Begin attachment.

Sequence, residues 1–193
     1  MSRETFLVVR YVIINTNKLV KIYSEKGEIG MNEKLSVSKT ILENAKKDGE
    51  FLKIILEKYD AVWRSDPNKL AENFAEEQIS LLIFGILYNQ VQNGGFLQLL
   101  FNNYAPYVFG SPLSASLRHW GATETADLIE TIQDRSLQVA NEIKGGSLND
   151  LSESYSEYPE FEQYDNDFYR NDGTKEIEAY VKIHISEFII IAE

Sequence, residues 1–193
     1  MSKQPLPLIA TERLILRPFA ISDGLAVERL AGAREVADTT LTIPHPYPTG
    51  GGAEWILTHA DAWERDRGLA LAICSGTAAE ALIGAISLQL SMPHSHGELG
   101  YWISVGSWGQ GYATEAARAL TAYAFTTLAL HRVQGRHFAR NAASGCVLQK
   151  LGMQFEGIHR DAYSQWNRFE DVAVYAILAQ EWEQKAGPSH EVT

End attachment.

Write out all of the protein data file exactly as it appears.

Sequence, residues 1–193
     1  MSRETFLVVR YVIINTNKLV KIYSEKGEIG MNEKLSVSKT ILENAKKDGE
    51  FLKIILEKYD AVWRSDPNKL AENFAEEQIS LLIFGILYNQ VQNGGFLQLL
   101  FNNYAPYVFG SPLSASLRHW GATETADLIE TIQDRSLQVA NEIKGGSLND
   151  LSESYSEYPE FEQYDNDFYR NDGTKEIEAY VKIHISEFII IAE

Sequence, residues 1–193
     1  MSKQPLPLIA TERLILRPFA ISDGLAVERL AGAREVADTT LTIPHPYPTG
    51  GGAEWILTHA DAWERDRGLA LAICSGTAAE ALIGAISLQL SMPHSHGELG
   101  YWISVGSWGQ GYATEAARAL TAYAFTTLAL HRVQGRHFAR NAASGCVLQK
   151  LGMQFEGIHR DAYSQWNRFE DVAVYAILAQ EWEQKAGPSH EVT